Soraya Abdullah is Indonesian actresses. She is best known for her role as Natasia Patterson in the series Righteous Kill. She also appeared in other television shows such as Damita, Endeavour and Dune. Soraya was born in Jakarta and is of Arab decent. She earned a degree in communications at the University of Southern California.
Soraya grew up in Indonesia, where she first learned to speak English. From an early age, Soraya was interested in being an actress in the making of films and shows. As a teen, she made her first attempt to break into the adult entertainment industry in Indonesia by appearing in a remake of Star Trek: The Wrath of Khan. Her role in the movie resulted in her gaining attention both domestically and overseas, even playing opposite William Shatner in the 2021 movie The Padre Fama Story.
Soraya was also interested in pursuing a career in journalism when it was time to get herself educated for the English language. She joined the Indonesian Film Council in 1998, where she did not receive formal training. It was through a personal recommendation from her sister that got Soraya into the university that would make her famous today. University offered many opportunities for Soraya to pursue her career, but she ultimately decided that teaching and working were more important than ever. In the spring of 2021, Soraya became the first female teacher in the city of Cebu. This was particularly important because Cebu is one of the poorest cities in all of Southeast Asia, and many teachers who chose to live and teach in Cebu were forced out due to the poverty rate.
Soraya continued to live and teach in Cebu throughout the rest of her life until she passed away in February 2021. She had always intended on passing on her love of teaching, and her legacy, to her students. On the day she passed on, Muhammad Senarai was among those present at her funeral. The two men, along with a group of Cebuano artists, had formed the Anak para (Anak Nalan) Arts and Sciences Association. The association is dedicated to continuing the work of Soraya Abdullah and to preserving the Cebuano culture which is so tightly intertwined with the arts.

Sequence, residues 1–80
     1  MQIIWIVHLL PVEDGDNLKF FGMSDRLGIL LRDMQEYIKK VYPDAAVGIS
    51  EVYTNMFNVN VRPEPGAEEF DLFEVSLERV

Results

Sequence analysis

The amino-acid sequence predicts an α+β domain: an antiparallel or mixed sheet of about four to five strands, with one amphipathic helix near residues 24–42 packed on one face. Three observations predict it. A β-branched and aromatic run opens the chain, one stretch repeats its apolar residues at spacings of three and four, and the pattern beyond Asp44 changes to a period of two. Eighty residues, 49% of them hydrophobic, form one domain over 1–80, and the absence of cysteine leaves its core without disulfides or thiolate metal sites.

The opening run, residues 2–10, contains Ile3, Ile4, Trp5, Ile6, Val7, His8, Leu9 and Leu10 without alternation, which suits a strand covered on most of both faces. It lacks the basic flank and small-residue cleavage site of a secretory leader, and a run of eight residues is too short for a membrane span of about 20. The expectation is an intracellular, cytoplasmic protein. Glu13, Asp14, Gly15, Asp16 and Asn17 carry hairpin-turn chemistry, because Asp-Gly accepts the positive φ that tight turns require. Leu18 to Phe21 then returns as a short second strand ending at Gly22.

|Type||Film, TV, Stage & Radio|
|Birth||3 August 1978|
As a testament to Soraya’s importance as a cultural icon, just hours before she passed on, a team of Cebuano artists were busy redoing an old play called “Lahir.” This play, based on the life of the legendary writer Alamaylo, had been canceled several times over the course of the past few months because of complaints from the community over its use of the word “agama” in the final narration of the play. The word “agama” had been changed to” Lahir” to comply with local ordinances. It is thought that the word change was caused by pressure from the community members who felt threatened by the loss of the play. Over the past several months, however, the play had finally been set to proceed as scheduled.
The first performance of “Lahir” took place in front of a live audience on Tuesday, March 6th. In the pre-performance warm-up, Soraya spoke about her own experiences as a daughter of Cebu and Caminano and the impact that her mother, the late Elisabet de Rios, had on her life. Her words of wisdom included how a woman must never forget where she came from, and how by standing up for her beliefs even when it is not popular or safe to do so, she can help shape her family’s future. Later during the performance, Soraya demonstrated how her mother’s legacy as a catalyst in the creation of the Filipino nation can still be lived in their generation to come through a stirring rendition of her song, “Nang kamali (Irene)” with the group of her musical ensemble, composed of members of her own generation.